State of silica in South Australia
Between February and May 2019, SafeWork SA undertook a proactive audit program of silica risk among construction workers and those who fabricate and install engineered stone products. Safety Solutions takes a look at the audit report, drawing out some of its key findings.
South Australia’s (SA) work health and safety (WHS) regulator, SafeWork SA, conducted its proactive respirable crystalline silica (‘silica’ hereafter) compliance program in two stages. This program was carried out in accordance with the Work Health and Safety Act (SA) 2012 and Work Health and Safety Regulations (SA) 2012. Its audit report was released in November 2019 and its findings identify some important areas for improvement, such as in training and around the use of respiratory protective equipment (RPE).
SafeWork SA commissioned the University of Adelaide’s Adelaide Exposure Science and Health in April 2018 to inquire and report on silica exposure in a sample of SA’s benchtop fabrication workplaces. The research team found that SA has similar exposure results to Queensland and the United States’ Texas. The findings of this report, together with extant research highlighting the problem of accelerated acute lung disease among stone benchtop fabricators, helped inform the regulator’s program approach.
The first stage of the audit program focused on businesses engaged in fabrication and installation of engineered stone products. It encompassed 26 businesses. Engineered stone products typically contain exponentially higher levels of silica when compared with natural stone counterparts, and can contain silica content of as much as 95% (compared with a range of 20% to 60% for natural stone).
The second stage of the audit program had a focus on the construction industry and businesses with the potential for high-level silica exposure. It encompassed 12 businesses. In this stage, construction businesses who “cut, grind and shape concrete, and who regularly work on South Australian construction projects” were targeted, according to the report.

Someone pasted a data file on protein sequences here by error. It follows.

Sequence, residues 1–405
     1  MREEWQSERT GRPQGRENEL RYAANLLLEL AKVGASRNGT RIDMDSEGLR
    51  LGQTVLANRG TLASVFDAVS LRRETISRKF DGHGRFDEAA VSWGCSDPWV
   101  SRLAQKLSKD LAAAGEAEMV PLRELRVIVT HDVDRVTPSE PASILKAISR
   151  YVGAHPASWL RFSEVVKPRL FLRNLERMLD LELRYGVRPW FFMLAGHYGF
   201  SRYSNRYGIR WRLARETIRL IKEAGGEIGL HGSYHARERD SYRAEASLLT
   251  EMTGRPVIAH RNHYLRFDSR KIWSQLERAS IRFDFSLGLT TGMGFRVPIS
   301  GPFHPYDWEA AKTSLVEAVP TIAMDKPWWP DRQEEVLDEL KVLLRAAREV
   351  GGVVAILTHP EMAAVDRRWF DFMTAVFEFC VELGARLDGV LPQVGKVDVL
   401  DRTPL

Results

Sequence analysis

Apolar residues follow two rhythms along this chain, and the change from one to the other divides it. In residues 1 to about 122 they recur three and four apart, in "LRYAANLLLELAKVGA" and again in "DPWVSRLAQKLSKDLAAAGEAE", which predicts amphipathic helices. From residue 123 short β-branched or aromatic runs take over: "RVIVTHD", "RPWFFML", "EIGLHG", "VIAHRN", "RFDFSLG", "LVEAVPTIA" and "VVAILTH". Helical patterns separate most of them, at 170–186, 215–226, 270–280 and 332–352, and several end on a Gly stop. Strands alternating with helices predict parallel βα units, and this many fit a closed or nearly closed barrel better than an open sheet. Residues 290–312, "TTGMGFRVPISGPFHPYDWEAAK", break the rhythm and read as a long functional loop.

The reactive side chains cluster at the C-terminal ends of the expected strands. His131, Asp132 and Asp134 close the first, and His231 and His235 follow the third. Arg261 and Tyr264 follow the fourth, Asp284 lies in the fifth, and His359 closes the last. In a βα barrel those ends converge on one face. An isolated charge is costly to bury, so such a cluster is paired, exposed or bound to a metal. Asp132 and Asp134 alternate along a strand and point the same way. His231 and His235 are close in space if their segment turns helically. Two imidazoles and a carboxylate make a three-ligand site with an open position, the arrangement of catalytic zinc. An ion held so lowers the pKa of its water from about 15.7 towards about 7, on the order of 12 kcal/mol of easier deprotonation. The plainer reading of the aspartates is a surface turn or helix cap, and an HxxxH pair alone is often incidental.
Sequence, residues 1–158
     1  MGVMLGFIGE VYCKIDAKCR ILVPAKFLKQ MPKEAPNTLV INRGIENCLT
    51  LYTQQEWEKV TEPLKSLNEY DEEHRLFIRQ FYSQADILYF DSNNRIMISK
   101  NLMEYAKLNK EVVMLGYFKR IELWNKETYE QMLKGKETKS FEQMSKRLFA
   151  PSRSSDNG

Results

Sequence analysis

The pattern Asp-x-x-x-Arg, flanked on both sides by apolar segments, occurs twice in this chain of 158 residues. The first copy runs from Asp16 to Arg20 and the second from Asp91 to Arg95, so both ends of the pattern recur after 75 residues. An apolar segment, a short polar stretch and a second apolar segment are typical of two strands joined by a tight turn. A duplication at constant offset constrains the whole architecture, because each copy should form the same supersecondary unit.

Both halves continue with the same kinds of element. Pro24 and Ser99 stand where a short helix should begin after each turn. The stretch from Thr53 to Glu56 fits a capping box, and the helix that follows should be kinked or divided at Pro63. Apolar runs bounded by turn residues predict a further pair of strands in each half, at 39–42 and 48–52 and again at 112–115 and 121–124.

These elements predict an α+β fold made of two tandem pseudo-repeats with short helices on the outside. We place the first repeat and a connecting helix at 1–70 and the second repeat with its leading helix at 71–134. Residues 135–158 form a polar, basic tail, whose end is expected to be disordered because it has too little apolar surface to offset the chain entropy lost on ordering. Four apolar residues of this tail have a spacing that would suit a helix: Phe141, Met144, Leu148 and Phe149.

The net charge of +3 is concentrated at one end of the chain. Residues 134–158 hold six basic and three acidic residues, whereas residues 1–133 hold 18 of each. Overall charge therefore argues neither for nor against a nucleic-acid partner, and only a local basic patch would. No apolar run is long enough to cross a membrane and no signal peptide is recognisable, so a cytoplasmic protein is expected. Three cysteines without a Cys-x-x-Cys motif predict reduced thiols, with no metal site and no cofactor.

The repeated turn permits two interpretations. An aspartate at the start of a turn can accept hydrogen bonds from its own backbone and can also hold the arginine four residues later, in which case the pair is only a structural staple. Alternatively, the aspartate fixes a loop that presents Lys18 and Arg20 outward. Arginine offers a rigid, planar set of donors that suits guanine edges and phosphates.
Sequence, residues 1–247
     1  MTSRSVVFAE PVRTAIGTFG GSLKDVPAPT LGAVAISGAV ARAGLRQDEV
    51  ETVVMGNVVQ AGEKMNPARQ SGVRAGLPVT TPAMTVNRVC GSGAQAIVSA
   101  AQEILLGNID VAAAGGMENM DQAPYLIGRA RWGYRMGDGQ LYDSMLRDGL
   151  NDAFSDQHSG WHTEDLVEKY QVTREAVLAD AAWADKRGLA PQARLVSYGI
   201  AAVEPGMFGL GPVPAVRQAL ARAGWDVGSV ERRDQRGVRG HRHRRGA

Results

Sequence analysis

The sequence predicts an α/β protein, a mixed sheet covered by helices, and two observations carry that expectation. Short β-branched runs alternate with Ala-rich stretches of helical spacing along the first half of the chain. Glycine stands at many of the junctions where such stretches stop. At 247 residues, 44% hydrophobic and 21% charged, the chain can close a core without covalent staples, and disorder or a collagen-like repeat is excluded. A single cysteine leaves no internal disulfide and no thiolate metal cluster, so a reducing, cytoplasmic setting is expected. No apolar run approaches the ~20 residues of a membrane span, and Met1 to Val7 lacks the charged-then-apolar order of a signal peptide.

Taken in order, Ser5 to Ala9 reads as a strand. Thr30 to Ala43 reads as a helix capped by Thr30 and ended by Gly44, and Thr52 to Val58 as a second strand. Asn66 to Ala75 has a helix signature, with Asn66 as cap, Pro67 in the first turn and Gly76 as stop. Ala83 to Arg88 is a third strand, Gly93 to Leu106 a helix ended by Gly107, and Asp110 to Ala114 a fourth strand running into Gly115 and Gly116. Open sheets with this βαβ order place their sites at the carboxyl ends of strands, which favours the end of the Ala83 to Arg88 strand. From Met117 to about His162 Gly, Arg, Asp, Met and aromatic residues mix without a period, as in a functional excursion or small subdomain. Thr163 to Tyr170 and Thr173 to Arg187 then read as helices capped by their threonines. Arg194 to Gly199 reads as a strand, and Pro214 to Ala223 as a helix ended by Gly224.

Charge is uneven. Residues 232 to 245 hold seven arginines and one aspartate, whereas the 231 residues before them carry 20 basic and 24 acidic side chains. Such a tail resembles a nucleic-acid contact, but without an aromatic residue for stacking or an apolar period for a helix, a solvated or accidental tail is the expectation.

Across these two stages of the audit program, WHS inspectors issued 173 Statutory Notices to Persons Conducting a Business or Undertaking (PCBU) for non-compliances.
It was found that across both groups the inadequate provision of worker information, training and instruction relating to silica was a key issue. This included: “risks of exposure, suitable control measures (such as isolation and administrative controls) and specific training in the use and maintenance of Respiratory Protective Equipment (RPE)”, according to the report. Of the notices issued that were relevant to this issue, 74% were because there was no evidence that health monitoring had been provided to impacted workers — notably, the entire (12 businesses) construction industry group’s PCBUs received notices for this reason.
In the installation and fabrication sector particularly, reliance on water suppression as a sole control measure was found. Numerous workers were observed so-called ‘wet cutting’ engineered stone without RPE, which the report correlates with the inadequate information, training and instruction in the use of RPE observed across the board. Further, 58% of PCBUs were reported to have no evidence of conducting air monitoring to determine silica exposure levels in the workplace.
Recommendations of the report include: the communication of the outcomes of the audit program; unannounced follow-up audits in the next 6 to 12 months to ensure continued compliance and rectification of issues; the generation of further public information resources; and steps to ensure the audit findings inform government about the silica risk in the state.
The full report is available here.
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